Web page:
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FDA issues guidance on use of 'latex-free' medical products labeling

March 18, 2013

By Jean Williams, ADA News staff

Silver Spring, Md.—The U.S. Food and Drug Administration has issued new draft guidance for manufacturers of FDA-regulated medical products recommending that they stop labeling products as “latex-free” or “does not contain latex.”

The FDA has concluded that the use of such language on labels is misleading as the agency is unaware of any tests that can show a medical product to be completely free of natural rubber latex proteins that can cause allergic reactions.

Announced March 8 in the Federal Register, the draft guidance suggests that manufacturers wanting to indicate that natural rubber latex was not used as a material should instead use the more scientifically accurate language “not made with natural rubber latex.” The FDA says it wants to promote the more scientifically accurate labeling.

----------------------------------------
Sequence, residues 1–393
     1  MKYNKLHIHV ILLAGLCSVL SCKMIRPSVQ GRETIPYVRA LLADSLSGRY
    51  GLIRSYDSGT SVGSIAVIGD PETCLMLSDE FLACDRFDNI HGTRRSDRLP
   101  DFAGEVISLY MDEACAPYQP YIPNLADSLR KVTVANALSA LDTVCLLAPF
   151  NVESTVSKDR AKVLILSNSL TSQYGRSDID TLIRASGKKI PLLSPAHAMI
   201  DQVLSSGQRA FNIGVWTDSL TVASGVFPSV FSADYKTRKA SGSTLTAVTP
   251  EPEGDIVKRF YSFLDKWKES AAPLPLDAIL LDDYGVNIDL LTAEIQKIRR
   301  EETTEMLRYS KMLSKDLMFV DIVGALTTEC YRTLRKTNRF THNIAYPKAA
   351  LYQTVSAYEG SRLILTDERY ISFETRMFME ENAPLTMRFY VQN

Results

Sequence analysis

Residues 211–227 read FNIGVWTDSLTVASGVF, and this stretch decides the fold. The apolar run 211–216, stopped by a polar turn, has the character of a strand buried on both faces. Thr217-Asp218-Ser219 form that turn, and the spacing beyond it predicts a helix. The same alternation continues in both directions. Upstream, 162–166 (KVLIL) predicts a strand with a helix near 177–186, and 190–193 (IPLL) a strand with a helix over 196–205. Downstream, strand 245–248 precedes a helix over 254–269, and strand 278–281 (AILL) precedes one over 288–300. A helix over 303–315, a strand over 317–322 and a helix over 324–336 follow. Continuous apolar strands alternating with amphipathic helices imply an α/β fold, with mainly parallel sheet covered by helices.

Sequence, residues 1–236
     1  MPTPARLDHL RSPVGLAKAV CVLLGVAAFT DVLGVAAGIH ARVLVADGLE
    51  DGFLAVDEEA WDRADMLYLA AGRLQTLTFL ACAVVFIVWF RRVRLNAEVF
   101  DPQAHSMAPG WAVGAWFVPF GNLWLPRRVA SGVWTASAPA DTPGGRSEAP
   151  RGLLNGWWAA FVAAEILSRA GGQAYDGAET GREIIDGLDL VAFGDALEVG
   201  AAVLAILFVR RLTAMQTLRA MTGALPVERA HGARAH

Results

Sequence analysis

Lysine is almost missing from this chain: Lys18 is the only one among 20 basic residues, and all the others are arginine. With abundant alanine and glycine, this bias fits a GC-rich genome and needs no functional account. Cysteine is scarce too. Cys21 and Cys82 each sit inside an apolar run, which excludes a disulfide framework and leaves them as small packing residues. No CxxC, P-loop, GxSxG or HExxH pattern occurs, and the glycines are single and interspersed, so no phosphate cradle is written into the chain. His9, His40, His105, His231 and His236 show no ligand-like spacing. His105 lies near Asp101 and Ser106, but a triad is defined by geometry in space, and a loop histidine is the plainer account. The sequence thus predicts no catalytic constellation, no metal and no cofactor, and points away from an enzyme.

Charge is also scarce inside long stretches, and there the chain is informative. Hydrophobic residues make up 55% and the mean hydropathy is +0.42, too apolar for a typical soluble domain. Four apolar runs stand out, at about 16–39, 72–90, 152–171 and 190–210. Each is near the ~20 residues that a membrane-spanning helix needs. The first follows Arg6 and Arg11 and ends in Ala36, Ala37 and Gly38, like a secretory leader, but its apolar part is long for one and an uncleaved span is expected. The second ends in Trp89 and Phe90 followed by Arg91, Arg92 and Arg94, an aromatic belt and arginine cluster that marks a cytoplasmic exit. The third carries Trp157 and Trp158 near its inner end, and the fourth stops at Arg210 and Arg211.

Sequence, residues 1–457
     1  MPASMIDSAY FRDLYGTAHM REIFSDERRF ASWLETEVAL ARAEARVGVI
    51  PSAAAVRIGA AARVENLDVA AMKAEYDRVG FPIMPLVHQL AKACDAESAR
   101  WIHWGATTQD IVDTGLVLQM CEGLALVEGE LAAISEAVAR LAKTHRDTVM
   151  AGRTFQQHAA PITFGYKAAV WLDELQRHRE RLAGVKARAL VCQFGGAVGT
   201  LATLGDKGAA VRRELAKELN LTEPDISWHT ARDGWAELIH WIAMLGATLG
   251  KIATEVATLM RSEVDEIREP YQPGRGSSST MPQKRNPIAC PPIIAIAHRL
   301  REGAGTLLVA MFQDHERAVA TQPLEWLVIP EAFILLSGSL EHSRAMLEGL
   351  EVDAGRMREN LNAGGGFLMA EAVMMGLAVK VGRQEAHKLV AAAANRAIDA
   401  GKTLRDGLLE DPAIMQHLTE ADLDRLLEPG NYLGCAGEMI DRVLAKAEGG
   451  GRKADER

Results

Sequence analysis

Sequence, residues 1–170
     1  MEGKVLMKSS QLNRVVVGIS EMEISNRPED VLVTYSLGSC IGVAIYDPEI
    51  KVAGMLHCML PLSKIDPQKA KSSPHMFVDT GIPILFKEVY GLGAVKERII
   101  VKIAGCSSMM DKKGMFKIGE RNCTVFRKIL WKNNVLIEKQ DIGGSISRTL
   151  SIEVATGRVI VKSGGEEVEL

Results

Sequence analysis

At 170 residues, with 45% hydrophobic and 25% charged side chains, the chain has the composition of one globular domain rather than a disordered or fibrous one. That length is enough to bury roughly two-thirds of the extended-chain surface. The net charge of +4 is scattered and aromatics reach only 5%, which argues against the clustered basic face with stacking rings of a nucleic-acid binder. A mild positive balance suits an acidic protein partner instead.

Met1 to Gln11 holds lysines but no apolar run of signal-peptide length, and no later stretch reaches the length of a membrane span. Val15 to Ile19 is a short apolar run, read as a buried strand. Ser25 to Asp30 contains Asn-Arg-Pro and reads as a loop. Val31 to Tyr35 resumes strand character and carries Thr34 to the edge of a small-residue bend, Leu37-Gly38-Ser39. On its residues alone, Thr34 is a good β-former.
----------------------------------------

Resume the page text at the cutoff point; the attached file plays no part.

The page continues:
Repeated exposure to natural rubber latex proteins in medical products can result in the development of sensitivity to the substance, which may cause symptoms ranging from skin redness, rash, hives or itching to difficulty breathing and wheezing and, rarely, shock and death.

The ADA plans to provide updates as more information becomes available.

For more information, visit Call 888.INFO.FDA for consumer inquiries.